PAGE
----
Some enterprising persons transform their homes into classrooms and others go to students’ homes. Fees vary from 10 to 50 Cuban pesos (40 cents to two dollars) per class.
The average monthly salary paid by the state ― which employs most of the workforce ― is 19 dollars.
Some tutors promote their services on websites for classified ads, such as Porlalivre and Mil Clases.
In October, employment offices reported 1,023 private tutors among a total of 444,000 self-employed workers.
That same month, the official Granma newspaper reported that many teachers at public schools and other professionals are offering services in violation of the law.
Churches have not been left behind in this opening up of the education sector.
Religious schools disappeared in 1961, two years after the revolution, when education was completely taken over by the state.
But in the early years of the economic depression, churches opened a window with courses on non-religious themes to meet local needs.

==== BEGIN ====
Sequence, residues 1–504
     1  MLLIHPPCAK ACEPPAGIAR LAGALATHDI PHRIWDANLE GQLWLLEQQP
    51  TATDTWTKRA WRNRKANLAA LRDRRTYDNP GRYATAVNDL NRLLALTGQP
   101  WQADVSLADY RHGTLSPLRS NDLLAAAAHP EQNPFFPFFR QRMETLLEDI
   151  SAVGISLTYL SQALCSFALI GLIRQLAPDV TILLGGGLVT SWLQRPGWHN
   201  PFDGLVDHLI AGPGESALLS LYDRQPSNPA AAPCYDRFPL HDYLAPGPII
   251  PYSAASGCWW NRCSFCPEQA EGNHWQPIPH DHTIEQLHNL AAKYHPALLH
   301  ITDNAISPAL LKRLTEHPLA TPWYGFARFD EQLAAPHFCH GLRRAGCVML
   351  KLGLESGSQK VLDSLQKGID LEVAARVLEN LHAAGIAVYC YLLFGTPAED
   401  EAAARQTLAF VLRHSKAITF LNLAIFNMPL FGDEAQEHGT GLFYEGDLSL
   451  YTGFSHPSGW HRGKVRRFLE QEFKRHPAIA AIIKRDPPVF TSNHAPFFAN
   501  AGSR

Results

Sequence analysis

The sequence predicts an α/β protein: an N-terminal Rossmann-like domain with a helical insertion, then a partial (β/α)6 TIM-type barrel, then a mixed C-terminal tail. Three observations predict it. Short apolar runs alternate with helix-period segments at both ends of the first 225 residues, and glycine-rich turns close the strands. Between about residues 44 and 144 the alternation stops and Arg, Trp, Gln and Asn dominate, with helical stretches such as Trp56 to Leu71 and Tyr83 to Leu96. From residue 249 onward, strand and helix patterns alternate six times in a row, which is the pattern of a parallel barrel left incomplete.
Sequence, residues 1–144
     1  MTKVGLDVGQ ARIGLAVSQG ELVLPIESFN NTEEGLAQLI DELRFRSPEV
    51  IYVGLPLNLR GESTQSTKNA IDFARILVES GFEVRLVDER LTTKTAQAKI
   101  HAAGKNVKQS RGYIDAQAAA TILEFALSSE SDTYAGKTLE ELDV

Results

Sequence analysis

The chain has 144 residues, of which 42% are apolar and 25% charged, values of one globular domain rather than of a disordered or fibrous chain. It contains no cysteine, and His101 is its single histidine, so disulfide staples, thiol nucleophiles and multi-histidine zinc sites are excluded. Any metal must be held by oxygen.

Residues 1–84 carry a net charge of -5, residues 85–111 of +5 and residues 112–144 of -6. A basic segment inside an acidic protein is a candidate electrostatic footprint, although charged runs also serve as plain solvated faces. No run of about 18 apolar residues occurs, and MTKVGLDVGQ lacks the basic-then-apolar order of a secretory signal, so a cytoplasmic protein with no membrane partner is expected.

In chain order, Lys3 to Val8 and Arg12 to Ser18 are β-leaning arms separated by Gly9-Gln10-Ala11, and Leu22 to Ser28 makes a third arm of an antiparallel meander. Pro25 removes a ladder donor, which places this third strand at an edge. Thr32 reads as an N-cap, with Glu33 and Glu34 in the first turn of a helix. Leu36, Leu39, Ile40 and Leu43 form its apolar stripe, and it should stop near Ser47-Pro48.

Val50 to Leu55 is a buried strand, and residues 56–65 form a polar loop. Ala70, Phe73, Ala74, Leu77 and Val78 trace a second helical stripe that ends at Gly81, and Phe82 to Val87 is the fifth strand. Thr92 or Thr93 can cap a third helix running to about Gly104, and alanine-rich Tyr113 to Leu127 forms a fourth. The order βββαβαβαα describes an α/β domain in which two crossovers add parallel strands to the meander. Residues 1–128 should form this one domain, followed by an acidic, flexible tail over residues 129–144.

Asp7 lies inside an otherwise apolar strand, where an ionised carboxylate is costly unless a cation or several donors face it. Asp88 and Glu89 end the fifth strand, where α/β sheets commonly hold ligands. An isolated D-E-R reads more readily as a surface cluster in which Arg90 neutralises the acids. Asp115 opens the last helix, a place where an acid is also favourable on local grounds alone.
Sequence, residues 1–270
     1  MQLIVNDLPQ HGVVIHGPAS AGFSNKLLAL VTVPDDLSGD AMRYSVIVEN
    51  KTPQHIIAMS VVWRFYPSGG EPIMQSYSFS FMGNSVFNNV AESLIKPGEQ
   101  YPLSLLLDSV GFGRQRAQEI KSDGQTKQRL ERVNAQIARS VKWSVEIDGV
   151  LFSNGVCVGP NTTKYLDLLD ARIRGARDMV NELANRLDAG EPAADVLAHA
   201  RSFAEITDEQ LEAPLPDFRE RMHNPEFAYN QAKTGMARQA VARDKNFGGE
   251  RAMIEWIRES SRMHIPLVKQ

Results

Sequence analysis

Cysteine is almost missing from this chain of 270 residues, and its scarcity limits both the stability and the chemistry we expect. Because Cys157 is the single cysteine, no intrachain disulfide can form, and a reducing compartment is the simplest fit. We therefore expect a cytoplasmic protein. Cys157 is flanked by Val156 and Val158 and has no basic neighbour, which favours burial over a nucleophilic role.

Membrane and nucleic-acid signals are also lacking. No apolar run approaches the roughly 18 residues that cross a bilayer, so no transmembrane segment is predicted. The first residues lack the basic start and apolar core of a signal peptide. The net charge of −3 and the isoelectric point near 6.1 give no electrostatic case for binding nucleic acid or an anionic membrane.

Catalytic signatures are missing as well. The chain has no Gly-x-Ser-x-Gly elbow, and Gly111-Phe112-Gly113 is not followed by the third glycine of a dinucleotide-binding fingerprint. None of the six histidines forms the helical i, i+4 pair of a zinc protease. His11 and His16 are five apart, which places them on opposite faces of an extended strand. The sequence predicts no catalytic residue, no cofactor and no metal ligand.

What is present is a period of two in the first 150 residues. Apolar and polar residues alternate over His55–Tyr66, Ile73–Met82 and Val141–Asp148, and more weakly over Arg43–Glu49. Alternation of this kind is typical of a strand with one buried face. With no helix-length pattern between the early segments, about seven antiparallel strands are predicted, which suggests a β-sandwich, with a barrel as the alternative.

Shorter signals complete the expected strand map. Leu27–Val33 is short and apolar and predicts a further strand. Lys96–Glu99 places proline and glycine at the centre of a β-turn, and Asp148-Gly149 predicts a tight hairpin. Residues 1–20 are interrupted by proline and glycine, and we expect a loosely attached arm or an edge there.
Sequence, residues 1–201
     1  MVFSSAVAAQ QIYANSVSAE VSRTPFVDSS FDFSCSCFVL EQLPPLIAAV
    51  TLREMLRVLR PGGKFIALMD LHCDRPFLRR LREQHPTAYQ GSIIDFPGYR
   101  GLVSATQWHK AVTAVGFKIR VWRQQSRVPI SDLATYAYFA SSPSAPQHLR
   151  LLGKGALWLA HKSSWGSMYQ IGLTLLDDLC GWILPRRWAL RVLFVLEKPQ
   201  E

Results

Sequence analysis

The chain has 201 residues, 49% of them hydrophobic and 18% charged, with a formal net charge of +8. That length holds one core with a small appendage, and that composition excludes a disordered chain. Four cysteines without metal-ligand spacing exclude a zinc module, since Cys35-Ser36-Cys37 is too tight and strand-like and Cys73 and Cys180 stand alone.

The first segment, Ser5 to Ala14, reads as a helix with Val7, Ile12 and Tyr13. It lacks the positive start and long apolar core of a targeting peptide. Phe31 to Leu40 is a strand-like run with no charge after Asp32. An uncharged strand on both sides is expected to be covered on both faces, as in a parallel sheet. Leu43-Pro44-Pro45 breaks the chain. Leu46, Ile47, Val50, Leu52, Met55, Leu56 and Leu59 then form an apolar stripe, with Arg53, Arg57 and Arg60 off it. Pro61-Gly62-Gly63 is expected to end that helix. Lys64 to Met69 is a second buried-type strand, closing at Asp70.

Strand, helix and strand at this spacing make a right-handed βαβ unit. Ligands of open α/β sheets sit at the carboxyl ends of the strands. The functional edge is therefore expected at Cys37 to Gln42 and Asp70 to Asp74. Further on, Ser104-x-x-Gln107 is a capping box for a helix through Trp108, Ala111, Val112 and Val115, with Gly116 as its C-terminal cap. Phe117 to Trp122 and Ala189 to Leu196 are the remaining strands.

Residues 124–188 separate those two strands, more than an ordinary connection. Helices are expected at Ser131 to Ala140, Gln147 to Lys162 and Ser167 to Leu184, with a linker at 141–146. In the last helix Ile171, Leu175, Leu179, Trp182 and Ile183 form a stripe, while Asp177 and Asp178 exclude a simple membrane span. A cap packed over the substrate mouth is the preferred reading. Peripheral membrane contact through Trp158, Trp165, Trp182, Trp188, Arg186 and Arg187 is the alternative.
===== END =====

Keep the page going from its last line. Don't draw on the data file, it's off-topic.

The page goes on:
About 500 young people climb a steep hill every week to the La Salle Center in the 10 de Octubre municipality. Managed by the Catholic order of Brothers of the Christian Schools, for the last 15 years the center has been offering certificates to meet the new needs of the labor market.
“The teachers are very good, and they instill a set of values in us that you don’t find elsewhere,” Andy Morera told IPS. The young man wears a cross around his neck and a Yoruba ― an Africa-based religion ― bracelet on his wrist. “I’ve taken several courses in English. I’m a dedicated student,” he said.